20. Cost-Plus-Award-Fee Contracts (FAR 16.305) • Any additional administrative effort and cost required to monitor and evaluate performance are justified by the expected benefits; and • Must be approved at Procurement Officer level.

    21. Profit (FAR 15.404-4) • The contractor Officer shall not negotiate a price or fee that exceeds the following statutory limitations, imposed by 10 U.S.C. 2306(d) and 41 U.S.C. 254(b): • (A) For experimental, developmental, or research work performed under a CPFF contract, the fee shall not exceed 15 percent of the contract’s estimated cost, excluding fee.

    22. Profit (FAR 15.404-4) • (B) For architect-engineer services for public works or utilities, the contract price or the estimated cost or fee for production and delivery of designs, plans, drawings, and specifications the fee shall not exceed 6 percent of the estimated cost of construction of public work or utility, excluding fee. • (C) For other CPFF contracts, the fee shall not exceed 10 percent of the contract’s estimated cost, excluding fee.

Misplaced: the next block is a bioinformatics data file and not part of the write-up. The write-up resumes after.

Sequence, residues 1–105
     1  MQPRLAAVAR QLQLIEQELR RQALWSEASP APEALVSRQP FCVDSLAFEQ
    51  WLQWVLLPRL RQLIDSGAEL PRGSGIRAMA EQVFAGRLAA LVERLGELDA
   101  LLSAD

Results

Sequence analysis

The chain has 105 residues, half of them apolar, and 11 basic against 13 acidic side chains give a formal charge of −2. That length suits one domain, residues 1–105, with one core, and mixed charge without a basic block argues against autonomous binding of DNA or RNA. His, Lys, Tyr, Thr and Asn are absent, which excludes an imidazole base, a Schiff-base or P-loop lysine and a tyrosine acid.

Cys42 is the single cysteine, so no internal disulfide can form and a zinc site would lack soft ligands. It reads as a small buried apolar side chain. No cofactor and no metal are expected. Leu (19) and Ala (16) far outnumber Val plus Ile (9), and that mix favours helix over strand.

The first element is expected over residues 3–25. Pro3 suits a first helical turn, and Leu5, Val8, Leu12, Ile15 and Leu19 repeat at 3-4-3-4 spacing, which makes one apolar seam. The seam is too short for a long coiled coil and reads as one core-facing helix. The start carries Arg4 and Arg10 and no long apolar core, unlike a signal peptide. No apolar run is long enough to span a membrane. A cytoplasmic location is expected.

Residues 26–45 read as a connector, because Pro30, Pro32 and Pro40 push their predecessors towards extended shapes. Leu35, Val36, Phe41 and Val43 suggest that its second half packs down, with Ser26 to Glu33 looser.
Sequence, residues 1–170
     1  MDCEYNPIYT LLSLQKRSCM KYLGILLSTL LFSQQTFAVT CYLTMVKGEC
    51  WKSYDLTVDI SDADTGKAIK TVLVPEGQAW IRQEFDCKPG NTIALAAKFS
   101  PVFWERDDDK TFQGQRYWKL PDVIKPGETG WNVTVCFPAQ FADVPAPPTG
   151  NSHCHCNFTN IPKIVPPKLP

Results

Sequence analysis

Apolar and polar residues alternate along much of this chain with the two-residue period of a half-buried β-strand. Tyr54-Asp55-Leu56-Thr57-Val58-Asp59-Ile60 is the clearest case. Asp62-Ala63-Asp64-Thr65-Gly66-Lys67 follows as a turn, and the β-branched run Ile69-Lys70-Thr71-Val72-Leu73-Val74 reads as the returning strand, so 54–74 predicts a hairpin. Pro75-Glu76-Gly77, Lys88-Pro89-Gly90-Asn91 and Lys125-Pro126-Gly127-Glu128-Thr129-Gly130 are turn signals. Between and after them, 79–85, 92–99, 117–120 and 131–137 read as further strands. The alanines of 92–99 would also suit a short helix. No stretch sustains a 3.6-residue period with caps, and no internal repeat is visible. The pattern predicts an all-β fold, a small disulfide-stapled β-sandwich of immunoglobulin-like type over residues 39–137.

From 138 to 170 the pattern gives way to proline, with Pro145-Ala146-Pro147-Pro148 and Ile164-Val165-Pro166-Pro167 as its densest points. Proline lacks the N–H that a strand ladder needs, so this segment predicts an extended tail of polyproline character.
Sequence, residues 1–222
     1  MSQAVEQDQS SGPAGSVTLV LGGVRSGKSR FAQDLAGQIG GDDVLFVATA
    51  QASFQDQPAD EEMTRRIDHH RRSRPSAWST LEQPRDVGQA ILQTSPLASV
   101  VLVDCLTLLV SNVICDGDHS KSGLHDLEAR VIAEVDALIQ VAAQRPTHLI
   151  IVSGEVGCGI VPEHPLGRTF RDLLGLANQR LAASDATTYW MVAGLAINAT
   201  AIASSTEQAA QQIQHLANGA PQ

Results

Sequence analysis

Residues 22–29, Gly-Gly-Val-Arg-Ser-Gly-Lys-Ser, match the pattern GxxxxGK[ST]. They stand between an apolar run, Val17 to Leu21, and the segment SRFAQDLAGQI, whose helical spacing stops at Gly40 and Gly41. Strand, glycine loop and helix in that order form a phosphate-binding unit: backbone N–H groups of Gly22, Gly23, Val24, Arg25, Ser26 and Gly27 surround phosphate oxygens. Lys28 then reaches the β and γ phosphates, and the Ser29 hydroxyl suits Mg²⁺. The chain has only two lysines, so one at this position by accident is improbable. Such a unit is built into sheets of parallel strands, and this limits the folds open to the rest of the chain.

23. QUESTIONS

    24. OTHER CONTRACT TYPES

    25. Award Term • Indefinite-Quantity (FAR 16.504) • Indefinite-Delivery (Sub Part 16.605) • Definite-Quantity (FAR 16.502) • Time and Materials (FAR 16.601)

    26. Award Term Contracts • Provides for a term consisting of an award term fixed at inception of the contract. • The award term is determined by the Government's judgmental evaluation of the contractor's performance in terms of the criteria stated in the contract. The number of evaluation criteria and the requirements.